WHO WANTS THOSE MESSY CASES? – AT 8:03 A.M. ET: Especially in the enlightened age of Obamacare. As Americans learn more and more about the provisions of this law, they'll be more and more horrified. Sarah Palin's ridiculed charge that Obamacare will involve "death panels" seems rather on the mark.
The patient – decked out in non-skid footies, a loose hospital gown and a breathing tube – prays she’s finally on the mend. At age 81, Juanita King had logged nearly five weeks at WakeMed Hospital since October after her breathing became so labored she had trouble walking.
The Clayton grandmother, weakened by a failing heart and obstructed lungs, wasn’t home even two weeks after the first hospital stay before returning to WakeMed earlier this month for another round of needles, meds and tests.
WakeMed, along with hospitals across the country, is scrambling to keep patients like King from coming back. Under federal penalties that kicked in Oct. 1 as part of the Patient Protection and Affordable Care Act, hospitals lose Medicare reimbursements if their patients are readmitted at an excessive rate.
WakeMed officials, for example, estimate that the 15 readmissions since 2010 that Medicare deemed excessive will cost the Raleigh health care company more than $400,000 in the coming year.
Reducing excessive readmissions is a perfectly laudable goal, if it can be handled in accordance with high medical standards. But can it? Some hospitals might do it well. But, as we have painfully seen in examples from the British system, some will clearly not.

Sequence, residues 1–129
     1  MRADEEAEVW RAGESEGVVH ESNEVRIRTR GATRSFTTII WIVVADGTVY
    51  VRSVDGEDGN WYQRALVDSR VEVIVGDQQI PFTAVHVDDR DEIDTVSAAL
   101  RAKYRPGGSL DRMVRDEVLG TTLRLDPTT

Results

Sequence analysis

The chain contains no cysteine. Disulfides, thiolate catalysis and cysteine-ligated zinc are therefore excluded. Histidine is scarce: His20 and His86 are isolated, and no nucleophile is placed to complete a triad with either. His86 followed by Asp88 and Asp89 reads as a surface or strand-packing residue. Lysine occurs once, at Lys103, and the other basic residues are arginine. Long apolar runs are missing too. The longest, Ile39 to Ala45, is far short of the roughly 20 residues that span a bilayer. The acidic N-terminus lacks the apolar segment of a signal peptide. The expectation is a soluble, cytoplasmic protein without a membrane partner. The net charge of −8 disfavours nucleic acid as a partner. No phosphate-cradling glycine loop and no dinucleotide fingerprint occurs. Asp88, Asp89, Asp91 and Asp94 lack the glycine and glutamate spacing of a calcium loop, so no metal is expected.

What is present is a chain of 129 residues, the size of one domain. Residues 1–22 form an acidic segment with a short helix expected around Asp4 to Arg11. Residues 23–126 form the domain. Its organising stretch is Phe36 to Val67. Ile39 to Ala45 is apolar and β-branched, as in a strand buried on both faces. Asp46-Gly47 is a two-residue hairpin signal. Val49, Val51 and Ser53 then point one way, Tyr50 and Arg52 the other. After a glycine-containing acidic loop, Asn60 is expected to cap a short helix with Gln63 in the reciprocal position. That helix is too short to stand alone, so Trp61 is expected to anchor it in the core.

...industry advocates warn of a potential downside: Struggling hospitals, spooked by the prospect of huge penalties, could develop an unhealthy fixation on finding ways not to readmit patients who need hospital care.
Already hospitals nationwide have seen an uptick in patients being steered to observation beds rather than getting admitted, Foster said. Hospitals in economically distressed areas with limited health care options are most likely to readmit patients and pay penalties for doing so, she said.
“It’s hard to think there will be a financial penalty against your organization to do the right thing by your patient.” Foster said. “We don’t think that hospitals that serve impoverished, safety-net communities should be penalized because those communities lack the necessary resources.”
COMMENT: What's wrong here is that guidelines will be established centrally, in Washington, as the left moves relentlessly toward its dream – socialized medicine. This is a large, diverse country, and medical practices in one area might have a certain irrelevance for patients in another.
I once compared notes with a writer friend of mine from a heartland mid-sized city. We are about the same age. We found that the death rates in our high-school graduating classes were dramatically different. About a third of his fellow graduates were deceased. In my class it was about eight percent. His school area was plagued by automobile accidents, alcohol abuse, and gunshot cases. Mine was not. His area would clearly call for a different emphasis on certain kinds of health care.
I fear we're heading for a one-size-fits-all medical system. Might work in Sweden, with a population a bit larger than that of New York City. It can't work here.
November 26, 2012